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14th Amendment

The Fourteenth Amendment and Masterpiece Cakeshop: Equal Citizenship, our Inclusive Republic, and Anglo-American Common Law by Christopher R. Green and David Upham.

Like several other big First Amendment cases the Supreme Court will hear this year, Masterpiece Cakeshop is not really a First Amendment case. By its terms, the First Amendment restrains only “Congress” from making laws abridging “the freedom of speech” or prohibiting “the free exercise” of religion, but the Masterpiece case involves a state law. It is the Fourteenth Amendment, adopted after the Civil War, that restricts the states’ powers over religion or speech. Yet, as in last year’s Trinity Lutheran case, the Fourteenth Amendment has barely been mentioned in the briefing so far.

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Coup

Saudi Arabia’s Earth-Shaking Coup by Myron Magnet.

Can the crown prince remake the kingdom and its religion?

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SCOTUS

The Christian Right Has A New Strategy On Gay Marriage by Amelia Thomson-DeVeaux.

The wedding cake case before the Supreme Court signals a shift in status for evangelicals.

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Plan

God’s Plan for Mike Pence by McKay Coppins.

Will the vice president—and the religious right—be rewarded for their embrace of Donald Trump?

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Hysteria

How Democrats Corrupt English To Create Hysteria by David Harsanyi.

Liberals aren’t just peddling political euphemisms, they are contorting basic truths.

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Apartheid

CJ reviews Islamic Gender Apartheid: Exposing a Veiled War Against Women by Phyllis Chesler.

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Inevitability

The Inevitability of Kamala Harris by David Catanese.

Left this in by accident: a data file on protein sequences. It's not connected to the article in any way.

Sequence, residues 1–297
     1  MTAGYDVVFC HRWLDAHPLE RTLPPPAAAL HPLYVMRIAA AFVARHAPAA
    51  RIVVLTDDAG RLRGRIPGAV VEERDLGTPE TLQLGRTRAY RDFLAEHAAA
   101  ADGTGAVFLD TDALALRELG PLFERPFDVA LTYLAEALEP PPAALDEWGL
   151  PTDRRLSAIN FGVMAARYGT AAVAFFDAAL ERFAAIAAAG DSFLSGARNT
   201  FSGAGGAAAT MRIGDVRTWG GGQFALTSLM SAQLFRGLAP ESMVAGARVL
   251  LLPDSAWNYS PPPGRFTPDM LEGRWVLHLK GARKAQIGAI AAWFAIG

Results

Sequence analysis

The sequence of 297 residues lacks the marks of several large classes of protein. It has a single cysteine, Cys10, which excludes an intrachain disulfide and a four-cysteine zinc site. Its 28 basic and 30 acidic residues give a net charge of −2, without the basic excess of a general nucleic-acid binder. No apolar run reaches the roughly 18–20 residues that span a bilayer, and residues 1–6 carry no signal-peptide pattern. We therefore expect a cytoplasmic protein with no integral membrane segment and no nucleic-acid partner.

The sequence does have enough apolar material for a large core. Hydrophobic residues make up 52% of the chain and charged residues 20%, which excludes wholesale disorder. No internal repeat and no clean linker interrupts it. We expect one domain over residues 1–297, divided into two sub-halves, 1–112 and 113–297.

The freshman Democratic senator from California carefully navigates expectations she’ll morph into a 2020 contender.

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Dark Side

There’s a Dark Side to Mindfulness Meditation by Derek Beres.

A new paper published in Personality and Social Psychology Bulletin investigates the potential “dark side” to one such technique, mindfulness meditation. This is not a new concept. For thousands of years there have been cases of meditation gone awry in the psychologically and emotionally unstable. And if there’s any environment in which you might suffer such a fate, it’s prison—one of the populations the authors, led by June P Tangney, a clinical psychology professor at George Mason University, focuses on.

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Fierce

Laura Kipnis reviews Be Fierce: Stop Harassment and Take Your Power Back by Gretchen Carlson.

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Aggression

Why Sexual Aggression Is About Both Sex and Power by Gregg Henriques.

Both power and sex play a role in sexual aggression.

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Dereliction

Chicago’s Debt Dereliction by Nicole Gelinas.

The Windy City is using complex bonds to delay a financial reckoning and avoid cleaning up its fiscal mess.

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Criminologists

When Ex-convicts Become Criminologists by Lucas Laursen.

Through their own hard-earned insights, prisoners turned academics aim to reform how convicts and criminology are studied.